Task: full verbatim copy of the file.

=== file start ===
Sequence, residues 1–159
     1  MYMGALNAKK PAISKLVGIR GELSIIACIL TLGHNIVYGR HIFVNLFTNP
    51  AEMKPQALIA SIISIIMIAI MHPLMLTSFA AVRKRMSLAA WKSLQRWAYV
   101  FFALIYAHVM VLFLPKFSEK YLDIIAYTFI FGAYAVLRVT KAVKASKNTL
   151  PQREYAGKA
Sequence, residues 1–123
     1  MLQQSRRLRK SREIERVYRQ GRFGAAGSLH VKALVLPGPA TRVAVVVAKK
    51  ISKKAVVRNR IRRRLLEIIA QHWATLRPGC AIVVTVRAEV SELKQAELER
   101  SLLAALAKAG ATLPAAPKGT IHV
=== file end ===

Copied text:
Sequence, residues 1–159
     1  MYMGALNAKK PAISKLVGIR GELSIIACIL TLGHNIVYGR HIFVNLFTNP
    51  AEMKPQALIA SIISIIMIAI MHPLMLTSFA AVRKRMSLAA WKSLQRWAYV
   101  FFALIYAHVM VLFLPKFSEK YLDIIAYTFI FGAYAVLRVT KAVKASKNTL
   151  PQREYAGKA
Sequence, residues 1–123
     1  MLQQSRRLRK SREIERVYRQ GRFGAAGSLH VKALVLPGPA TRVAVVVAKK
    51  ISKKAVVRNR IRRRLLEIIA QHWATLRPGC AIVVTVRAEV SELKQAELER
   101  SLLAALAKAG ATLPAAPKGT IHV